SSE plc, the Perth-based electricity infrastructure giant, said on Wednesday it invested almost four times as much as it made in profits in the first half of its financial year to September 30.
The Perth firm is one of the leading generators of renewable energy and one of the largest operators of electricity networks in Great Britain.
According to its interim results, SSE invested a record £1.7 billion compared to adjusted profit after tax of £489 million in the six months.
SSE posted first-half revenue of £5.63 billion, up 59% from £3.54 billion.
“The group’s financial results benefited from a good performance from the Thermal Energy business, which includes flexible gas-fired power stations and gas storage facilities,” said the company.
“SSE has approximately 40% of the UK’s onshore underground gas storage capacity which has proven its value to the system providing vital security of supply and flexibility in more volatile market conditions after a number of years of weaker returns.
“Performance was also strong in the group’s Regulated Networks businesses, which continue to connect new generation assets to the grid, securing power to people’s homes.”
SSE posted adjusted pre-tax profit for the half year of £559.4 million, more than treble the £174.2 million posted last year.
The company posted a reported pre-tax loss of £511.0 million for the six months, versus a profit of £1.69 billion a year prior. This came as its cost of sales rocketed to £6.13 billion from £1.19 billion the previous year.
“Reported results include the impact of accounting rules (IFRS 9) on the group’s forward purchase contracts, or hedges, which does not reflect the realised operating performance of the business,” said SSE.
“SSE therefore provides adjusted results to give a more accurate picture of underlying performance.
“First half earnings per share were in line with September’s pre-close guidance at 41.8p. The board has recommended an interim dividend of 29.0p, in line with policy and payable on the 9 March 2023.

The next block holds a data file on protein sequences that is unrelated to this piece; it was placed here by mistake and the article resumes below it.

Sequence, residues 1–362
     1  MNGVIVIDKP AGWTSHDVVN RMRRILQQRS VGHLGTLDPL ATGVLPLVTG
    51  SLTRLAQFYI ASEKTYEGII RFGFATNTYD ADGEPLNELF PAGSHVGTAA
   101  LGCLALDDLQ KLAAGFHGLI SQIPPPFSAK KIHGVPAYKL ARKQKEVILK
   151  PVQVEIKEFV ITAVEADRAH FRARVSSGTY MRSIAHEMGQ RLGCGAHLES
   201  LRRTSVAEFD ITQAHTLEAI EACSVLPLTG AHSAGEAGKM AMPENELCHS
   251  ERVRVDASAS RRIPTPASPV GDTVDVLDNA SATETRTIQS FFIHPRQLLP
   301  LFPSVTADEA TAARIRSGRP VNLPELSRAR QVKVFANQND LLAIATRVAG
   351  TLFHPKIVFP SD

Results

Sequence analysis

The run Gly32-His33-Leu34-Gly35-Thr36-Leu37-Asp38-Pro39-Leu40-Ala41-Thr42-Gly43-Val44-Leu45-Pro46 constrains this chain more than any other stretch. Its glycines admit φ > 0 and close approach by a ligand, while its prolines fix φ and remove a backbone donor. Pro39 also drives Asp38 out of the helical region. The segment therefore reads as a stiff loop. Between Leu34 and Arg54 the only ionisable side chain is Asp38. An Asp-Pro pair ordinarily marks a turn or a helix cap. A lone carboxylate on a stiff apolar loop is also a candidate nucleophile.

“SSE continues to expect adjusted earnings per share for the full year of at least 120p – unchanged from May – with capital expenditure for the full year expected to be in excess of a record £2.5bn, including acquisitions …
“SSE has also continued to increase its workforce across the UK, consistent with its plan of adding at least 1,000 new roles per year to 2025.
“In the past 12 months alone, the company has hired an additional 1,200 posts including a record number of apprentices and graduates.
“Across the UK, the group’s operations and investment programme supports more than 40,000 jobs, many of which are outside larger urban centres, helping support communities across the country.”
SSE CEO Alistair Phillips-Davies said: “One year on and despite unprecedented volatility in the operating environment, our Net Zero Acceleration Programme has never been more relevant to society.
“We are investing around £12.5bn in the five years to March 2026, with further opportunities that could take the total to over £25bn this decade in the UK and Ireland alone.
“This direct investment primarily in offshore wind, UK electricity networks and flexible thermal will create the technologies to support long-term energy security.
“Over the past six months we have been delivering on our domestic investment programme at pace whilst increasing our pipeline diversity, through exporting our renewables expertise into selected markets overseas where net zero ambitions have also increased.
“This has been complemented by our Triton acquisition and organic growth potential in networks as they keep pace with increasingly ambitious government policy.
“The strength and optionality of our resilient mix of market-based and regulated businesses have shone through in this period, with recent trading conditions highlighting the true value to society of a portfolio that balances intermittent renewables with flexible generation when the system needs it most.
“Our business model and strategy are delivering for our stakeholders today, whilst creating future long-term societal value.”
UK finance minister Jeremy Hunt is reportedly planning to extend windfall taxes on Thursday to cover electricity generators as he seeks to plug a massive hole in UK government finances.
“If they (new taxes) are fair and reasonable, fine,” Phillips-Davies told reporters.
“I think one of the things we have got to be careful in the UK is that we have created an amazing environment for investors … its critical we don’t endanger that …
“”We will have to stand back and look at what comes out tomorrow and carefully consider that.”